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Bank of England increases bank rate by 25 bps to 4.25%

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The Bank of England’s (BoE) Monetary Policy Committee (MPC) has voted by a majority of 7–2 to increase bank rate by 0.25 percentage points, to 4.25 per cent. Two members preferred to maintain bank rate at 4 per cent.

Global growth is expected to be stronger than projected in the February Monetary Policy Report, and core consumer price inflation in advanced economies has remained elevated. Wholesale gas futures and oil prices have fallen materially, the MPC said in a statement.

BoE’s MPC has voted to increase the bank rate to 4.25 per cent. Global growth is expected to be stronger than previously projected, while core consumer price inflation in advanced economies remains high. CPI inflation is expected to fall significantly in 2023 Q2 due to factors such as the Energy Price Guarantee and falls in wholesale energy prices.

There have been large and volatile moves in global financial markets, in particular since the failure of Silicon Valley Bank and in the run-up to UBS’s purchase of Credit Suisse and reflecting market concerns about the possible broader impact of these events. Overall, government bond yields are broadly unchanged and risky asset prices are somewhat lower than at the time of the Committee’s previous meeting.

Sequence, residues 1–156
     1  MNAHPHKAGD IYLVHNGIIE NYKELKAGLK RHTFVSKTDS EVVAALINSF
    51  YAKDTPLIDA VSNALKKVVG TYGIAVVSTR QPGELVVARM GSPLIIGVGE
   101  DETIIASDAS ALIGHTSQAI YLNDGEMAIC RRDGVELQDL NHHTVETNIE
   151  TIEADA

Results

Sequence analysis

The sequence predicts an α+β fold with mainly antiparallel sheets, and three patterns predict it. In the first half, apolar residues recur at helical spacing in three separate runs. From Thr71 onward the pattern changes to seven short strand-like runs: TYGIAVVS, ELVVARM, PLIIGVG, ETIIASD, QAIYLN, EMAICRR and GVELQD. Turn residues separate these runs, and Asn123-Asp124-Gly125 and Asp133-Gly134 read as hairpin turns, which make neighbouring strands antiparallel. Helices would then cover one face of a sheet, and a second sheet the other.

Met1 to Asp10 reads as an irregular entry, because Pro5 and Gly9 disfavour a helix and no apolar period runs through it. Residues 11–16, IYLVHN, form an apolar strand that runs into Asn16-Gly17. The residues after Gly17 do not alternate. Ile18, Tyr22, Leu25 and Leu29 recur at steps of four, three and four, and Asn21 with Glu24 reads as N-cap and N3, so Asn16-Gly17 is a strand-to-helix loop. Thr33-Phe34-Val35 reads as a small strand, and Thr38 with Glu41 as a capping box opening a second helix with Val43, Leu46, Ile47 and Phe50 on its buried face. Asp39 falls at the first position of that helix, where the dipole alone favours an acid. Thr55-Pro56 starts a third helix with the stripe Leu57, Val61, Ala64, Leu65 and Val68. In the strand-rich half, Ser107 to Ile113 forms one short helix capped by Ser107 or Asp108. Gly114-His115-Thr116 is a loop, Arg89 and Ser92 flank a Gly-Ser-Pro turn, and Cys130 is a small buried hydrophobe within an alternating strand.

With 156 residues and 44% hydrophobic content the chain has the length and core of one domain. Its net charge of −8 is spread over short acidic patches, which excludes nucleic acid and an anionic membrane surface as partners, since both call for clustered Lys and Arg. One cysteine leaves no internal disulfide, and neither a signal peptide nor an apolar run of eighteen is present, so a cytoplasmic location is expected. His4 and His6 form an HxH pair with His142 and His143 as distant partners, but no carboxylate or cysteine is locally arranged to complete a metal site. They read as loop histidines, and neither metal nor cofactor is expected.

Additional fiscal support was announced in the Spring Budget. Bank staff have provisionally estimated that this could, relative to the February Report, increase the level of GDP by around 0.3 per cent over coming years. GDP is still likely to have been broadly flat around the turn of the year but is now expected to increase slightly in the second quarter, compared with the 0.4 per cent decline anticipated in the February Report.

As the Government’s Energy Price Guarantee (EPG) will be maintained at £2,500 for three further months from April, real household disposable income could remain broadly flat in the near term, rather than falling significantly. The labour market has remained tight, while the news since the MPC’s previous meeting points to stronger-than-expected employment growth in 2023 Q2 and a flat rather than rising unemployment rate.

Twelve-month CPI inflation fell from 10.5 per cent in December to 10.1 per cent in January but then rose to 10.4 per cent in February, 0.6 percentage points higher than expected in the February Report. CPI inflation is still expected to fall significantly in 2023 Q2, to a lower rate than anticipated in the February Report. This lower-than-expected rate is largely due to the near-term news in the Budget including on the EPG, alongside the falls in wholesale energy prices, the statement added.

Fibre2Fashion News Desk (KD)


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